In Grand Style
Castle (2002) CMDDD578
2 CDs, 34 tracks, 156 minutes
by Craig Ruskey
Review date: March 2003
"Keeping the Blues Alive Award"|
Achievement for Blues on the Internet
Presented by The Blues Foundation
Otis Grand honestly shouldn't require much of an introduction to blues fans as he's been a major figure on the UK scene, as well as stateside, for a good many years. Just a look at the names that have appeared with him, or those he has appeared with, speaks volumes on his guitar abilities; Joe Louis Walker, Kim Wilson, Sugar Ray Norcia, Phillip Walker, Curtis Salgado, and a great many others should point to Otis as an artist to pay close attention to. He garnered top honors as "UK Blues Guitarist of the Year" seven years in a row, from 1990 through 1996, he's also a Handy-nominated artist, and one with many more notches in his belt. But what counts in the long run is the music and how well it holds up to listening and In Grand Style delivers from beginning to end.
This excellent two-disc set was compiled and annotated by Neil Slaven (a blues journalist/guru with a lengthy career himself) and covers a wide swath of Grand's career, minus his recent outing with Joe Louis Walker on the JSP Guitar Brothers CD. Since Grand isn't a singer, his numerous discs have employed a number of top-shelf vocalists, and on this set, Kim Wilson comes through on a stirring Things I Forgot To Do, Sugar Ray Norcia on his own Careless Living and a superb reading of Magic Sam's All Night Long, plus 5 To 99 Blues, a stellar example of Curtis Salgado's impassioned voice on Finish Line, Earl Green on Things Are Getting Harder To Do and Your Love Pulls No Punches, and Joe Louis Walker sounding good on Leave That Girl. There are a few searing instrumentals guaranteed to satisfy in the form of SRV (My Mood Too) and the blistering Grand Style that proves, without question, that Otis is a masterful guitar player with an unerring sense of just how important space is. If any further proof of his playing is necessary, his two-and-a-half minute cover of the perennial Magic Sam favorite, Looking Good, is a showstopper. Other folks who crop up from time to time adding to this outcome are Anson Funderburgh, Luther Allison, Darrell Nulisch, Debbie Davies, Jimmy "T-99" Nelson, and the B.B. King Horns. There's a fine balance of jumping R&B and straight-ahead blues along with a few modern twists thrown in, and while horns abound on the set, they don't overrun the proceedings. Waiting For The Hard Times To Go is a prime example; behind Norcia's smoky vocals, there's a steady foundation to work from, and when Grand tears into a simmering and dynamic Buddy Guy-inspired solo, the horns bolster and push him along without ever being in the way.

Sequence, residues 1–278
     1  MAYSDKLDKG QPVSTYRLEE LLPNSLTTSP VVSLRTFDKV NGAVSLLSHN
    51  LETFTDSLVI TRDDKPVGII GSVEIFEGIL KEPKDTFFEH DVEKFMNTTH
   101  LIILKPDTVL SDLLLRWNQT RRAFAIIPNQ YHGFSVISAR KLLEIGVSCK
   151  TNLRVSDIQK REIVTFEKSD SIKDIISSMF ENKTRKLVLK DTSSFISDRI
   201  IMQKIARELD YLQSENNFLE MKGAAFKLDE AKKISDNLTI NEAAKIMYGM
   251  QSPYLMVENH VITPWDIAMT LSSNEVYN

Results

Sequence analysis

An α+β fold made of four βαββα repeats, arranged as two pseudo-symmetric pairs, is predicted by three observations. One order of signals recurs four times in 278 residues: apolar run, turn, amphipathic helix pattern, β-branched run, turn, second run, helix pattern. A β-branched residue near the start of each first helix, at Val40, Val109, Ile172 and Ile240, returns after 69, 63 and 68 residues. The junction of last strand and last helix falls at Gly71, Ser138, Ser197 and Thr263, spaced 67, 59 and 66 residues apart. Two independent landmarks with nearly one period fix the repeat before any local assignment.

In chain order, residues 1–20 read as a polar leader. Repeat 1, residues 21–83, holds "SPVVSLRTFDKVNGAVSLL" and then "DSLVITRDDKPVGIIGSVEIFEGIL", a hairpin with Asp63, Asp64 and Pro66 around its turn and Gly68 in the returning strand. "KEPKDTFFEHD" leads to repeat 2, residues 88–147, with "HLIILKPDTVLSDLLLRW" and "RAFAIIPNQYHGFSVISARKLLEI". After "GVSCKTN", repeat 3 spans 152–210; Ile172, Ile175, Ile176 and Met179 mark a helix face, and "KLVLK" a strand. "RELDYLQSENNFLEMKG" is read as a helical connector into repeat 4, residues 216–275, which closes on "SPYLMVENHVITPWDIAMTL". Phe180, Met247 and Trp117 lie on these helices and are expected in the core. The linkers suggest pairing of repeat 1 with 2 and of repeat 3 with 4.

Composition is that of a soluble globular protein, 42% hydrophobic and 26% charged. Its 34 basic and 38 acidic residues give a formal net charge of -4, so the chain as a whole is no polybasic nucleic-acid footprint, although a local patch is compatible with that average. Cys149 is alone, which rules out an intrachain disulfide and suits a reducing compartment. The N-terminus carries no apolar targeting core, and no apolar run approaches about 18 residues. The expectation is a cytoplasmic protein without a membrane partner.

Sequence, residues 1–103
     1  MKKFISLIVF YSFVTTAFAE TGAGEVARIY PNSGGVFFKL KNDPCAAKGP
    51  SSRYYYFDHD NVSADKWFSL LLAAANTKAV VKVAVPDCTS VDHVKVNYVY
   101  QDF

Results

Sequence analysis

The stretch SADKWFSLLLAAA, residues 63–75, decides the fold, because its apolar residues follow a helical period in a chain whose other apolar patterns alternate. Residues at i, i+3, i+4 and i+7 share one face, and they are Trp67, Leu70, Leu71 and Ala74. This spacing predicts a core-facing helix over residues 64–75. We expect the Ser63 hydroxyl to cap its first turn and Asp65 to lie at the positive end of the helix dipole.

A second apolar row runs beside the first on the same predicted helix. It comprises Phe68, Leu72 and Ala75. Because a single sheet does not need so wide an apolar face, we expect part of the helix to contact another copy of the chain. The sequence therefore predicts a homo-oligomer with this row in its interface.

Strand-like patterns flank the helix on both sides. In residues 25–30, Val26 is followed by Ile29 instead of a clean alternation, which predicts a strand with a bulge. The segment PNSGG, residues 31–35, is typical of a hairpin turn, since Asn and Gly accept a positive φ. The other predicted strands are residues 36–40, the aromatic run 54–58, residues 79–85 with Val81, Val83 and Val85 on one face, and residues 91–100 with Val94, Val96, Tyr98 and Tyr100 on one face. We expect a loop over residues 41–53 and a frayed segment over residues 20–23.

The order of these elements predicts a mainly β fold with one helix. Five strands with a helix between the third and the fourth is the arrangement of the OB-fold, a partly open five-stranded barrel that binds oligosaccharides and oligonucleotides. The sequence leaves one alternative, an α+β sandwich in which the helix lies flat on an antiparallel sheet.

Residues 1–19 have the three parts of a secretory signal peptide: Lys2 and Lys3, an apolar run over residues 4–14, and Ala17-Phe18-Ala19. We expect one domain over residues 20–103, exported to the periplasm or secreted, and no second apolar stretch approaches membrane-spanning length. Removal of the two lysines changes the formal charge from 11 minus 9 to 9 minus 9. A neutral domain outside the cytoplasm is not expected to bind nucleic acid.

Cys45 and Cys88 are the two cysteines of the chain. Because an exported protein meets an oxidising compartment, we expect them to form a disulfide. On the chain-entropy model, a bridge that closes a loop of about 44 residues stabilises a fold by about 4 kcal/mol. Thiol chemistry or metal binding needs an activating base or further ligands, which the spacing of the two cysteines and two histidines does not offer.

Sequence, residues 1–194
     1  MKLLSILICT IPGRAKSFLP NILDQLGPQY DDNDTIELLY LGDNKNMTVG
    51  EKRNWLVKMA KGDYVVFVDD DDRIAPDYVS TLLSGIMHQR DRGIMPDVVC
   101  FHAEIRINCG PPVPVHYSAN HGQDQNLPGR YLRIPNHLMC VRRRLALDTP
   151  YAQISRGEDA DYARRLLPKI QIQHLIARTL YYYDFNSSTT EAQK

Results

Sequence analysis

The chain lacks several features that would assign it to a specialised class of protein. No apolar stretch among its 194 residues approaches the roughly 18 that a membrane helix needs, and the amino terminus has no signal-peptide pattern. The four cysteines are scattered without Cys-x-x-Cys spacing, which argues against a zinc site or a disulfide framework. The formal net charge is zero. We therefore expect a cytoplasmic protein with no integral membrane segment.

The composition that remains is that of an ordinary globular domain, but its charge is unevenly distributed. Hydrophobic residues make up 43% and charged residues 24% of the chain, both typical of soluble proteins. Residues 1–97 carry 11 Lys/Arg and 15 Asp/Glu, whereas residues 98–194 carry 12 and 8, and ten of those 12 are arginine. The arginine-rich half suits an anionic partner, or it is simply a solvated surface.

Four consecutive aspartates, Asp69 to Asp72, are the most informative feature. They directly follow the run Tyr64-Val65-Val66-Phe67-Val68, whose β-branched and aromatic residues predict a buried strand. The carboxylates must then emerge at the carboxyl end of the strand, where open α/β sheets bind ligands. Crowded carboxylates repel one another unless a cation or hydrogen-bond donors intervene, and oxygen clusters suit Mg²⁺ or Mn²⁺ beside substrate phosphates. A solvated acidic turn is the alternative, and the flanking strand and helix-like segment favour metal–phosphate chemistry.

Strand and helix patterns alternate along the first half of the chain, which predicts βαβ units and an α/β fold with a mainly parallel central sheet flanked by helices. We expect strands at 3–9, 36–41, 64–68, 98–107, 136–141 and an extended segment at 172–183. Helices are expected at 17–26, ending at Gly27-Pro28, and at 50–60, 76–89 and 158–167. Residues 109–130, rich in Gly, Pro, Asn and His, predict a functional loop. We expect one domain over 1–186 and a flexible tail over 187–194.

While the focus is squarely on Otis Grand and his prowess as a guitar slinger, he has always avoided the pitfalls of overplaying or overstating his presence, and in the long run, he has proven himself to be a solid leader. The focus is rightly centered on having his guitar work as another voice and his mixture of tones runs the gamut from slashing and gritty to laid-back and soothing, all the while making highly personalized statements. Questions have been raised over the course of his career as to why his roster seems to be going through a revolving door, but admittedly, he is a hard man to please and one who demands the absolute best from those who accompany him. With a complete handle on the crunch of Albert Collins, T-Bone Walker-like West Coast jump, B.B. King shuffles, and much more, this is what blues guitar playing is all about, but in the same sense, it's also a fine example what can happen when good friends come together to record and play from the heart. Neil Slaven's liner notes shed a good amount of light on Grand's career while sound quality throughout the two-plus hours is superb. And if In Grand Style is any indication, there's plenty more in the way of gutwrenching, guitar-laced blues in the future. Highly recommended.
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